An affirmative attitude is how we move GA forward

Written by Dan Pimentel
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   Any time you have two or more pilots together these days, it doesn't take long for the conversation to come around to a frank—but also frustrating—discussion about the seemingly long list of societal, regulatory and fiscal challenges we must overcome to ensure a bright future for the General Aviation world. And when negativity is a by-product of these conversations, it serves little purpose and solves no problem.
   To move forward down the path to a stronger GA community, we must put away the swords and ask positive questions that will lead to an upward climb in the financial health of this industry.
I have been recruited by this magazine because of the reputation I've built over the last 34 years of my writing career covering the good things about what I call the "aviation family." And we are a family, in every meaning of the word. We laugh together, cry together, and without question, we help each other. Just like family.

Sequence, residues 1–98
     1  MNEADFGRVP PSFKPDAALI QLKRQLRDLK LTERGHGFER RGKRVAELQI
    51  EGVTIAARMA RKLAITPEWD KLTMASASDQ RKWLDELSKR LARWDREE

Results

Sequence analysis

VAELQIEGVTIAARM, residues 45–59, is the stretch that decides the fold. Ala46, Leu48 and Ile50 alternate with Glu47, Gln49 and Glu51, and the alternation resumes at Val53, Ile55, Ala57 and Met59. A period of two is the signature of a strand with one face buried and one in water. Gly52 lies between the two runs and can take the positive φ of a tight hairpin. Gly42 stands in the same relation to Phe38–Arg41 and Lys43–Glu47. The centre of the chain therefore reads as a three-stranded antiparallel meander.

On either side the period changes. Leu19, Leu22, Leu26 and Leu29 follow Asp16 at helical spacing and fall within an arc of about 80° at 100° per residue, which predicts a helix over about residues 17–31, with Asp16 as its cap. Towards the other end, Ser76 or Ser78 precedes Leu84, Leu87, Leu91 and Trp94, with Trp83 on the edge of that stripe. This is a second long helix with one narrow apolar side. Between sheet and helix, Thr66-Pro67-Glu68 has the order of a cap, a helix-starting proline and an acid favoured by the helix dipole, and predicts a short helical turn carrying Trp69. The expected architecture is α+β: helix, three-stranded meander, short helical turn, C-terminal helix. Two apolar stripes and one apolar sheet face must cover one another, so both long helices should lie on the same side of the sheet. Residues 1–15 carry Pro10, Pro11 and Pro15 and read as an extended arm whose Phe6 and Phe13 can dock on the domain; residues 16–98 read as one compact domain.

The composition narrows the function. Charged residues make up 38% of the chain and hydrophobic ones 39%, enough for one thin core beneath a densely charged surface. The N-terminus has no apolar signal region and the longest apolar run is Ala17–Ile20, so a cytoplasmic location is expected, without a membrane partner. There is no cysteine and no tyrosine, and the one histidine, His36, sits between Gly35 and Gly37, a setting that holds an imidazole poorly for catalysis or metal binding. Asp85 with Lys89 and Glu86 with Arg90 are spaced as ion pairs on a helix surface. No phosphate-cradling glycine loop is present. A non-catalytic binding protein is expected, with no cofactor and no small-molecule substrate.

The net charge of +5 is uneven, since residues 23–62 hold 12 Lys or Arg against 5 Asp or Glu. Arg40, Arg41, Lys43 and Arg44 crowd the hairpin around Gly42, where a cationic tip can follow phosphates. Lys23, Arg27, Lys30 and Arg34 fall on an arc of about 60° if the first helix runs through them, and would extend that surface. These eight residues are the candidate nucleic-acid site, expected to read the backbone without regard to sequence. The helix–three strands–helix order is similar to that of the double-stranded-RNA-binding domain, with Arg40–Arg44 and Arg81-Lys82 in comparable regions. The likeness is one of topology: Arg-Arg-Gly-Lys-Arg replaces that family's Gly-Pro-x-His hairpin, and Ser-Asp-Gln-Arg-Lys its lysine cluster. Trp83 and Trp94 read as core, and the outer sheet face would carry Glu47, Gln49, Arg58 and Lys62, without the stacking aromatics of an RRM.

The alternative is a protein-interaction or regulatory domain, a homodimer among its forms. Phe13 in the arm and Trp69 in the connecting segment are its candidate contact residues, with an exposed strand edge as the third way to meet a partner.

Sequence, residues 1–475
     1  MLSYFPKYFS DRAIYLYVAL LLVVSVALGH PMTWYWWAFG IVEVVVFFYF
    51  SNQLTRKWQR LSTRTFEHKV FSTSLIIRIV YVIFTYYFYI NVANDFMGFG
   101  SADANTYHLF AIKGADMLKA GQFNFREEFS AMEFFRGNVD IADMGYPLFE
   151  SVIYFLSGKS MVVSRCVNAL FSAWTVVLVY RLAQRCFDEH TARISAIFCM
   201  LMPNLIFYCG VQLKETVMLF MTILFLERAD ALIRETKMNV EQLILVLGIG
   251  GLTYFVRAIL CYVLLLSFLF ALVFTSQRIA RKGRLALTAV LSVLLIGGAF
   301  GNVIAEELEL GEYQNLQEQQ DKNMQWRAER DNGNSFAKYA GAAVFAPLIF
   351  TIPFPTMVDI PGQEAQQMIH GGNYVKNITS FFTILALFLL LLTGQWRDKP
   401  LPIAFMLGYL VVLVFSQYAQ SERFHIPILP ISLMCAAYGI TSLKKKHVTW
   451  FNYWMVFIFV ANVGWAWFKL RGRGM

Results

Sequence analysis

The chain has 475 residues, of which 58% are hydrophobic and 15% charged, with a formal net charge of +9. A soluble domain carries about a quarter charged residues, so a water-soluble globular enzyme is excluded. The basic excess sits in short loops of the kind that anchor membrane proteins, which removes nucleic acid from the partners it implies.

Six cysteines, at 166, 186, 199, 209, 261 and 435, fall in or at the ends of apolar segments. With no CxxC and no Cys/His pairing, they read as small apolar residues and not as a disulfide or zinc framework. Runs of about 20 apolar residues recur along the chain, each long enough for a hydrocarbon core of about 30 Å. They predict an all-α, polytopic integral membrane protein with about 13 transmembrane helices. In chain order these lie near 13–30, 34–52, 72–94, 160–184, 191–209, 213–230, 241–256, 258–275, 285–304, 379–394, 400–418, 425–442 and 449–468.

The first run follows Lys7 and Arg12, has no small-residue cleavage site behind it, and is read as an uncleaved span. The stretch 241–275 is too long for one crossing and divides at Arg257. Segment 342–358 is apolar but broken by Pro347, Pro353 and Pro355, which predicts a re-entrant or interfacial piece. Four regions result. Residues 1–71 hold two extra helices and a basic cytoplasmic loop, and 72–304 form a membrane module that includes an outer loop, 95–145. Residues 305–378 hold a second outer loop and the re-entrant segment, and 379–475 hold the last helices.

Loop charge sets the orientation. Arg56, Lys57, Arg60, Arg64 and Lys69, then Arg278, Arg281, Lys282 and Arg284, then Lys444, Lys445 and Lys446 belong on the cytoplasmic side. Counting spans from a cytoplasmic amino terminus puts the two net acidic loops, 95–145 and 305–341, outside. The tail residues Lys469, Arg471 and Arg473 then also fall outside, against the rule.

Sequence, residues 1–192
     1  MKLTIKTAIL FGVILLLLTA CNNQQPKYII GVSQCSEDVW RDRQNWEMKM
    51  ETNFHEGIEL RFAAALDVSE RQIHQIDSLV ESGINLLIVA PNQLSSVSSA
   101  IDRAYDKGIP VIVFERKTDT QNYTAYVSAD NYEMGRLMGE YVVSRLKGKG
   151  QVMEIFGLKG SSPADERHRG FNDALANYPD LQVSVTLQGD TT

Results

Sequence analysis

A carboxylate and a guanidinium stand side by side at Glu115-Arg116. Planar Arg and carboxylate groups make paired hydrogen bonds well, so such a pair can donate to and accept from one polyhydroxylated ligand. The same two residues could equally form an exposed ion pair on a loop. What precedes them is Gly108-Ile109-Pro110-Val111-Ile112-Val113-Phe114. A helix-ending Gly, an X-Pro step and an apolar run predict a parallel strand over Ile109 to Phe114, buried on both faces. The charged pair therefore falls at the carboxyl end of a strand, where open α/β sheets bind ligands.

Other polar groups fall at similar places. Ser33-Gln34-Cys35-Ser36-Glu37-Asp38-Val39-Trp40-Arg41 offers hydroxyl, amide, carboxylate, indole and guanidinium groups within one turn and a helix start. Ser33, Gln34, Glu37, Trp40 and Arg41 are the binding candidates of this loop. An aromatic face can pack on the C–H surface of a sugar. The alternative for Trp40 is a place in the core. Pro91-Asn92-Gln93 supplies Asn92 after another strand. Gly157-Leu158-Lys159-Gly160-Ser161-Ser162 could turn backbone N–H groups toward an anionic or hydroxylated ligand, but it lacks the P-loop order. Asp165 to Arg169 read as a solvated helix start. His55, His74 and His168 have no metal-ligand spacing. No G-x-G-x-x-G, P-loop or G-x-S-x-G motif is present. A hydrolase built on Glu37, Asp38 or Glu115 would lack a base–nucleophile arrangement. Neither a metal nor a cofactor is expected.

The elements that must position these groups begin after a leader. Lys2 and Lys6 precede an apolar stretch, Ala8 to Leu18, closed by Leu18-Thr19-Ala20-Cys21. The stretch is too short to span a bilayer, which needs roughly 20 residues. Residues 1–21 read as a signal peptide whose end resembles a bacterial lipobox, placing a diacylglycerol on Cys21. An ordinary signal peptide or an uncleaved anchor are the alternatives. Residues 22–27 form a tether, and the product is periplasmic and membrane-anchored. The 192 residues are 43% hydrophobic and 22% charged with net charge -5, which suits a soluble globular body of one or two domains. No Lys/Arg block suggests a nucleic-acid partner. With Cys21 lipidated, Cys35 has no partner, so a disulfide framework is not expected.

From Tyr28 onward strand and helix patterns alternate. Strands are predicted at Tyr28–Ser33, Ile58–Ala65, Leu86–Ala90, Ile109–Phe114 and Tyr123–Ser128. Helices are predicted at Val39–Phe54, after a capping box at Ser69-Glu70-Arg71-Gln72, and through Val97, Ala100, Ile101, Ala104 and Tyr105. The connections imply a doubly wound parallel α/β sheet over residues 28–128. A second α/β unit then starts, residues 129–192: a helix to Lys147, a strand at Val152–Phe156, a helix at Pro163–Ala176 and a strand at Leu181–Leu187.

Those who have followed my Airplanista Aviation Blog know that I do not run and hide from the serious and sometimes ugly topics in this realm. But there are many places to get the hard news of our aviation day. So I choose instead to present stories to honor individuals and/or groups in our aviation family who are doing big things for the greater good. We all know someone worthy of this kind of public praise.
In the coming months here in Cessna Flyer/Piper Flyer, I will introduce you to some exceptional people doing extraordinary things in my new column, "Affirmative Attitude." While the large aviation advocacy associations are very good at developing big, successful programs like EAA's Young Eagles and AOPA's AV8RS, there are thousands of pilots—some right on your home field—that donate their time, skills and ingenuity to contribute something brilliant to the cause of improving all of the GA world. These are the stories that make me smile, and writing this column is part of my way of giving back. I am just one person hoping to make a small but hopefully significant difference.